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Injuries doomed the Angels, but don't discount the Royals

The Royals took advantage of a weakened Angels rotation, but Kansas City has the pieces to keep winning in this postseason.

Ed Zurga

SB Nation 2014 MLB Bracket

The Los Angeles Angels were the American League's top seed and owned the best record in baseball in the regular season, but that guarantees a team nothing in October. The Angels had a specific weakness, the kind that can end a postseason quickly, and that's precisely what occurred. The Kansas City Royals swept the Angels and will move on to the ALCS, and it's because one of these teams had significantly deeper pitching.

Los Angeles of Anaheim blew its best chance at a win in Game 1 with Jered Weaver on the mound. Matt Shoemaker was excellent in Game 2, but Royals pitching -- including rookie starter Yordano Ventura -- outlasted the Halos in extra innings once more. It set up a pivotal, must-win Game 3 for the Angels, one in which C.J. Wilson was starting. The same C.J. Wilson who just had his worst season as a starter, and now is in possession of the shortest postseason outing in Angels' history.

Wilson produced an 81 ERA+ for the Angels, and was even worse than that from June 24 onward. During his final 16 starts, Wilson threw just 76 innings -- 4⅔ per outing -- and produced a 6.04 ERA. He struck out just 58 batters against 45 walks and, despite home games in a severe pitcher park, allowed opponents a .398 on-base percentage in this stretch. He was an absolute mess who had seven starts last 4⅓ or fewer innings on the season, and he was the last hope for the Angels. Garrett Richards was out for the year with a patellar injury, Tyler Skaggs was out with Tommy John surgery, and Hector Santiago had become the long relief lefty in the pen for the playoffs because he too had issues going deep into ballgames.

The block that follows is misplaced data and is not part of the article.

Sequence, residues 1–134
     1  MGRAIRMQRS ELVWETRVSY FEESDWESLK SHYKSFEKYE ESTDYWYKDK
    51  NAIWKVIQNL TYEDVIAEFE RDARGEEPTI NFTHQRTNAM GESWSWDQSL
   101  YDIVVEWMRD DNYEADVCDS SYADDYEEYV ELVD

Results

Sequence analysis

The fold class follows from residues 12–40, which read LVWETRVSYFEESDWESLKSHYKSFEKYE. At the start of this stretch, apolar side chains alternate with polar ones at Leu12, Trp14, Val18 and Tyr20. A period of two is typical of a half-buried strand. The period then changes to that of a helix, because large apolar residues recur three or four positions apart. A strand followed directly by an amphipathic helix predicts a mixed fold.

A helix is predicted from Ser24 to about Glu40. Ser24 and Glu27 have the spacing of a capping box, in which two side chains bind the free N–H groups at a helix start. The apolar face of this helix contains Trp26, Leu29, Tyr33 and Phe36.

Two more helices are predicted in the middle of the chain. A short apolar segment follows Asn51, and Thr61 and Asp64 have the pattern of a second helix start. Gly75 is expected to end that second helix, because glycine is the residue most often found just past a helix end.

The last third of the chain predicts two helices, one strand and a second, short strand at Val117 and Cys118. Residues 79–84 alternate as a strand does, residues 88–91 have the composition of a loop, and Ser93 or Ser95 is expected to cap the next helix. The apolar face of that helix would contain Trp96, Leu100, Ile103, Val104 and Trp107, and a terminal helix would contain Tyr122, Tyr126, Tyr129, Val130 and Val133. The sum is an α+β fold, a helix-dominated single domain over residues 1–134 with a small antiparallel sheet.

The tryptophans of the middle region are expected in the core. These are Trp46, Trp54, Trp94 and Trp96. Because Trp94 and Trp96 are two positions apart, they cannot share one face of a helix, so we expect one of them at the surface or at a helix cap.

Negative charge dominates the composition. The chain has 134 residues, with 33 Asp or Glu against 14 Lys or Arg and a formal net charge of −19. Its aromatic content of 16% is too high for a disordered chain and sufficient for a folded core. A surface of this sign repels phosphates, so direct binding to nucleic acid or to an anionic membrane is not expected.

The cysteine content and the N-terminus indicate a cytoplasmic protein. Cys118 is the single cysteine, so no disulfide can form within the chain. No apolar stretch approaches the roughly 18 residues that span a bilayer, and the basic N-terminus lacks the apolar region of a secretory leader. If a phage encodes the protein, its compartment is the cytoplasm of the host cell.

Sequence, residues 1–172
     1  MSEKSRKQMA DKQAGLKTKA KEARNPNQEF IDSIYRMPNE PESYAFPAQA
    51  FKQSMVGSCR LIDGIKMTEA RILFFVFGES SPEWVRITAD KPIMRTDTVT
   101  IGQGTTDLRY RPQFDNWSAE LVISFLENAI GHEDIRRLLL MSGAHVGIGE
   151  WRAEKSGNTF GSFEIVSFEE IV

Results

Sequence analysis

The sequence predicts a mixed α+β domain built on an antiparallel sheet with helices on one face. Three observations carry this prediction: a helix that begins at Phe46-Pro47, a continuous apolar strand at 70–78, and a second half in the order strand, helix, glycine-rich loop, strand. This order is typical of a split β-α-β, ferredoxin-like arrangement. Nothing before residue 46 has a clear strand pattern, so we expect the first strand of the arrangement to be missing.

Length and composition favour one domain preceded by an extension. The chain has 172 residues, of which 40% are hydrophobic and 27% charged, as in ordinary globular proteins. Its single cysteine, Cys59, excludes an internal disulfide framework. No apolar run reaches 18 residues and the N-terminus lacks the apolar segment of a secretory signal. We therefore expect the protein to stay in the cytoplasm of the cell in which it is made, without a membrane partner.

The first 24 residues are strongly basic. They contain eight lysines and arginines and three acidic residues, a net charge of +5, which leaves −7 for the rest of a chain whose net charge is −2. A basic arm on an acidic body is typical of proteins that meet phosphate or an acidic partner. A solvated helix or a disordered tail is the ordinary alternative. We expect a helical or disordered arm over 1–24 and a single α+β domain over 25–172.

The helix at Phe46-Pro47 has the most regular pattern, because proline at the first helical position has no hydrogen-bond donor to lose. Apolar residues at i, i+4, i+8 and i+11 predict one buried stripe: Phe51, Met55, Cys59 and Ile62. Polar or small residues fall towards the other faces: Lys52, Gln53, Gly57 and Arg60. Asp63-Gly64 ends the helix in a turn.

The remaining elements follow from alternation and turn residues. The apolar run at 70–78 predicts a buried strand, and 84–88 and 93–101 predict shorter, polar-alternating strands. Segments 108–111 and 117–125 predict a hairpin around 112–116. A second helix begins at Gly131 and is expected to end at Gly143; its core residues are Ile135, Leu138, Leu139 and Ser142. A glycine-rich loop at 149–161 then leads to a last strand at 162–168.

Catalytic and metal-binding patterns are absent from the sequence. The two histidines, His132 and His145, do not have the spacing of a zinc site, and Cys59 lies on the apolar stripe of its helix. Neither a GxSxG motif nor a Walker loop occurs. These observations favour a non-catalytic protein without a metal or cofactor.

The lack of depth in the Angels' rotation, and the drain it would have on their bullpen, was the primary reason we picked the Royals to advance while previewing this ALDS. The Wilson start was the even more specific reason that the expectation was for a Royals win: the rest of the match-ups could be fairly even given how good the Angels' lineup was compared to Kansas City's -- especially if Matt Shoemaker and his rib was feeling good -- but the Wilson start was as close to an easy win as you can get in October. The Royals did not disappoint, knocking Wilson out after two-thirds of an inning with a 3-1 lead in hand, and then feasting on a bullpen that had worked hard during the first two games of the series.

The Angels didn't necessarily do anything wrong. At the trade deadline, they didn't add a starter because they had the best bats in the AL and enough arms to get by: the tweaks they made to their bullpen by adding Huston Street were more important in that moment. Then Skaggs compromised the depth in the back-end of the rotation by undergoing Tommy John surgery just a couple of weeks later, and then the Richards' knee injury came a few weeks after that. They went from having an ace and a full rotation to a situation in which they were using a three-man playoff rotation that, despite its limited scope, still had to include C.J. Wilson because there was no one else. And it all happened in a couple of weeks in August.

As for the Royals, they did exactly what was needed to come away victorious. They beat Weaver, the closest thing to a guaranteed quality starter the Angels could toss out in this series. They limited the potent Angels' lineup to just six runs over three games, and did so with both their starters and relievers -- both groups were phenomenal in the regular season, and kept that up in October. Now, unlike the Angels, they get a chance to keep doing what's worked for at least one more series. It's easy to tease the lineup, especially as the announcers are trying to make Mike Moustakas sound like a positive, but the pitching and defense are legit enough that their combination of timely singles, bunts and steals could be enough to help them find another eight wins this month.